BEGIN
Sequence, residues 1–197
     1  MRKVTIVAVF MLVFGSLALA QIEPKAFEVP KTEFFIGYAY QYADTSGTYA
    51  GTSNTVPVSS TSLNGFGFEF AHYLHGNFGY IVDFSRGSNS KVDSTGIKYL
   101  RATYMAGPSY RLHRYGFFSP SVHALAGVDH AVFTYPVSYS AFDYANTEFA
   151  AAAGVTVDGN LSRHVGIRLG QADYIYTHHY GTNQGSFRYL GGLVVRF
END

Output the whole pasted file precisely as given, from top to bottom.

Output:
Sequence, residues 1–197
     1  MRKVTIVAVF MLVFGSLALA QIEPKAFEVP KTEFFIGYAY QYADTSGTYA
    51  GTSNTVPVSS TSLNGFGFEF AHYLHGNFGY IVDFSRGSNS KVDSTGIKYL
   101  RATYMAGPSY RLHRYGFFSP SVHALAGVDH AVFTYPVSYS AFDYANTEFA
   151  AAAGVTVDGN LSRHVGIRLG QADYIYTHHY GTNQGSFRYL GGLVVRF